Another man told me about his past drug addiction and his fight to get sober. He was candid as he told me that he was responsible for his drug problems, and that he was responsible for getting himself out of his problems. Working two jobs, one at a fast food restaurant and another at a local mechanic’s shop, he had been living in and out of a homeless shelter for several weeks. Finding housing was difficult because of his prior drug charges. By the time he clocked out of his second job, he struggled to make it to the homeless shelter line in time to get a bed for the night due to overcrowding at the shelter.
I was heartbroken to see the third-world conditions in which some people in a twenty-first century America live, and more heartbroken to speak with people that have lost all hope in life. I am hopeful because I had the opportunity to watch some of our nonprofit partners in action helping these people. It would be easy for a person providing services to become calloused and cynical, but each staff member and volunteer was cheerful, caring, and determined to make a difference. They gave hope to the hopeless. The compassion and personal interactions shown by our partners and the gratitude shown by their clients was overwhelming. Lastly, I am more determined than ever to see that our resources are strategically deployed to tackle the issue of homelessness. We must leverage our resources with new and seasoned partners to do so. Each day is a mission field for me, and I will leave no stone unturned.
There are many causes of homelessness—it is not just drugs and alcohol or mental illness that leads to this path. Many families and individuals are one financial emergency away from losing their home.
Our homeless people have beating hearts and souls crying out for help, and surviving on the streets is incredibly challenging for their well-being. They are more vulnerable to the following:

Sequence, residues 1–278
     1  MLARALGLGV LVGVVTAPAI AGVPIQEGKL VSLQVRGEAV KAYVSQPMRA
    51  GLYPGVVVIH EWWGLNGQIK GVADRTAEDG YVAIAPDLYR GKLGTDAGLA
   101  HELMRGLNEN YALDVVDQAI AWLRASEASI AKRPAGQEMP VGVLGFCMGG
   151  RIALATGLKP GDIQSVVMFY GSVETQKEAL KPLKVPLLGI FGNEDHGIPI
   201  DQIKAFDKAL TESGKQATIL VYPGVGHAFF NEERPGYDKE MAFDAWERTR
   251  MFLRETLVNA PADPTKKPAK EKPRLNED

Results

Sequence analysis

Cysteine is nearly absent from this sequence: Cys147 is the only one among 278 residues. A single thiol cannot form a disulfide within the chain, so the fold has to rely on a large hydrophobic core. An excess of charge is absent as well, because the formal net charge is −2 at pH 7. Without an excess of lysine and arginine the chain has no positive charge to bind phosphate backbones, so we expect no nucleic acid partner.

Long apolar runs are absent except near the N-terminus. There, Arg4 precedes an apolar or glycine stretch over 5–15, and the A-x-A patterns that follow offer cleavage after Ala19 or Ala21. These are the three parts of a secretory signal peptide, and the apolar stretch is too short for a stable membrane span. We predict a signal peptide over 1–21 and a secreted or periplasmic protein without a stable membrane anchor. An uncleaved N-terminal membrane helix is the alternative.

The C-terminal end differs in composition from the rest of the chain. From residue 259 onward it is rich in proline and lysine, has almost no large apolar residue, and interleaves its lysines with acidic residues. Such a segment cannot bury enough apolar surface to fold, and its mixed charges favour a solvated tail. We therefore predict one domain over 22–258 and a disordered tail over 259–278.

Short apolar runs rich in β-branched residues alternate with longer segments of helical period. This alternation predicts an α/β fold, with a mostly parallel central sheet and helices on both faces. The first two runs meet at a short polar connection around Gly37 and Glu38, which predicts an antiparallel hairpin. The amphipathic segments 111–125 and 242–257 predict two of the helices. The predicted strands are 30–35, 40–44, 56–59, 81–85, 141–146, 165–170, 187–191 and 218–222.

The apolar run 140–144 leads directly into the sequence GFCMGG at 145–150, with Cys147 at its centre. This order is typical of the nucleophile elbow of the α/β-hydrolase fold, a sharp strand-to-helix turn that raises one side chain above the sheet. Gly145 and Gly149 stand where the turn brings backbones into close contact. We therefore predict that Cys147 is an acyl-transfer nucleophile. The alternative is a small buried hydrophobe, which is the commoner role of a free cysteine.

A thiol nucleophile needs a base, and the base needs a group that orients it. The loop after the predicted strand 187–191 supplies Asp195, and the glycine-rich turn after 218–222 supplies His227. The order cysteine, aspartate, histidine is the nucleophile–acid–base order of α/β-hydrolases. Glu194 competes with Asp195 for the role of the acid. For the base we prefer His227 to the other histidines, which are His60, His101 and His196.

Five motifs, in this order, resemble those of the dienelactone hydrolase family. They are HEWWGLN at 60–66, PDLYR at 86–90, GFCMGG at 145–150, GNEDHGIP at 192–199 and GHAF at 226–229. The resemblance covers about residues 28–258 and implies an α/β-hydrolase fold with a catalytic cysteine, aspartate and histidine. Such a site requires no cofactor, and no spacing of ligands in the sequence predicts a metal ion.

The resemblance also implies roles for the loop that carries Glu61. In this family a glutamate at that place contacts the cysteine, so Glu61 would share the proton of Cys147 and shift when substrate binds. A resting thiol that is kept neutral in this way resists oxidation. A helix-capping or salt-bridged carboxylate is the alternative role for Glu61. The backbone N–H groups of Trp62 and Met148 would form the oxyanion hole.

- Exposure to the harsh weather extremes, violence, and theft;
- Social isolation;
- Illness and difficulty recuperating;
- Hopelessness, low self-esteem, extreme poverty; and
Healthcare costs for taxpayers also soar due to more frequent emergency room visits; incarceration also has a high price tag for the homeless population.
Like many of you, I recognize that the K-Count doesn’t give us an accurate picture of the overall homeless population, but it does give us a good sampling of their demographics and other characteristics of this population. If you have never volunteered for the K-Count, please consider doing so in the future. It happens each January. We are always in need of more volunteers to generate better data.
I cannot adequately express my appreciation and admiration of our partners who wake up every day to help those in need find a safe place to live. Mother Teresa said, “The miracle is not that we do this work, but that we are happy to do it.” Thank you for making a difference with a smile.
Would you like to learn more about volunteering for the 2019 K-Count in your community?
What can we do together to examine the issues holistically and end chronic homelessness?